Talk:Sebastian of Portugal

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Death[edit]

Almost certainly killed or executed??

Killed in battle, or subsequently executed. It's very late at night over here. As far as I can tell, Sebastian isn't around these days Seriously though, thanks for pointing it out. I've amended it, and it looks better now (in my opinion). My articles really are open to editing, so please feel free to contradict or amend if you have some info I've missed or mistaken. Simon Who are you? A professional historian? I doubt it. You need to get up to date on Sebastian. Your sources are out of date.

names[edit]

While it may be okay to use Sebastian instead of Sebastião and Philip II instead of Filipe II, the other names should either all be in the English form or in the Portuguese and Spanish form. I have corrected some of them, but not all. Perhaps someone else will be willing to take the time to do this.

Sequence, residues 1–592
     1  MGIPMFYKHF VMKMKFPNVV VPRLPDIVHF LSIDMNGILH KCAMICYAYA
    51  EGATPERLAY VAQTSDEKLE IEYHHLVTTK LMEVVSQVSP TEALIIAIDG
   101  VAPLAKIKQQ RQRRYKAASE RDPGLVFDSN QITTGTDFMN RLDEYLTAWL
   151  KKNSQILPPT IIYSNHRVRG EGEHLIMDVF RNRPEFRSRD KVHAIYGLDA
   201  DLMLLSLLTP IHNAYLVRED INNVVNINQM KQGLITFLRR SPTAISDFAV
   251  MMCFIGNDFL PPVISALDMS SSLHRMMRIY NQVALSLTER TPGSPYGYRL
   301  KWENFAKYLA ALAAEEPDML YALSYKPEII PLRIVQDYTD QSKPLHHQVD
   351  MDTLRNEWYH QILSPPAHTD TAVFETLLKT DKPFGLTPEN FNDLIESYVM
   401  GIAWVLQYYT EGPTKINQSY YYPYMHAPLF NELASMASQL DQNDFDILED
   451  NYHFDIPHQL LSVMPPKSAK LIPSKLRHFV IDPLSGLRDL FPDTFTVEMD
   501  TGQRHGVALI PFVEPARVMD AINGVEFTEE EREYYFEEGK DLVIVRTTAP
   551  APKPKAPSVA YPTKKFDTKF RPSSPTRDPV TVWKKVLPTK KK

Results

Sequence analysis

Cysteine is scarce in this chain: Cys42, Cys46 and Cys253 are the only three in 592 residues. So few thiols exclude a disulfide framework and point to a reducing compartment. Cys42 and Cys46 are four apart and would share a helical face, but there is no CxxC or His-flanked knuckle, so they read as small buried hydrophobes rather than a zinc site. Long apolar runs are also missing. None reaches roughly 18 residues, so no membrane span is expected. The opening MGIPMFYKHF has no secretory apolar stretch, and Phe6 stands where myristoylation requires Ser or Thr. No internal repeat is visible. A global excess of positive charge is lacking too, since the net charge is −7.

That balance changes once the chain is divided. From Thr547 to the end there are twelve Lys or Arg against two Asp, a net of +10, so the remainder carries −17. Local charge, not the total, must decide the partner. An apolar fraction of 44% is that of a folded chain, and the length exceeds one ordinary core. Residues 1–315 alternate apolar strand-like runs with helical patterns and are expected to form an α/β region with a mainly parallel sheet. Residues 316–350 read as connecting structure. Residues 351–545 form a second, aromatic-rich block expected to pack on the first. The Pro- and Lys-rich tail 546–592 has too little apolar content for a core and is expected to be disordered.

Geneology chart[edit]

Thank you for including the familial chart showing the structure of parents, grandparents, and great grandparents. While I grasped what was being said in the article relating to this, the chart really helped to visually clarify. I found it very complimentary to this great article.

Wow, so his parents were genetically siblings both having the same four grandparents. His failure to produce children was probably a blessing to the Throne of Portugal. Cosnahang (talk) 12:50, 4 August 2009 (UTC)

Not necessarily. All he had to do was marry a woman unrelated to him. —Preceding unsigned

Sexual abuse?[edit]